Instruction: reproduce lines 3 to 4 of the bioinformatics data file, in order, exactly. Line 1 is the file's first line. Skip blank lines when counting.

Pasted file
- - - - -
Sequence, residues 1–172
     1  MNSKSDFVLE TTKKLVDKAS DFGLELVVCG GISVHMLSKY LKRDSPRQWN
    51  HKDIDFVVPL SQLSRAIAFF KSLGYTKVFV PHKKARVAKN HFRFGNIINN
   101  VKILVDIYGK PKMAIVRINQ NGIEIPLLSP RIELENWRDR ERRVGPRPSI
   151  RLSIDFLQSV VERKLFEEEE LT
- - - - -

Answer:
    51  HKDIDFVVPL SQLSRAIAFF KSLGYTKVFV PHKKARVAKN HFRFGNIINN
   101  VKILVDIYGK PKMAIVRINQ NGIEIPLLSP RIELENWRDR ERRVGPRPSI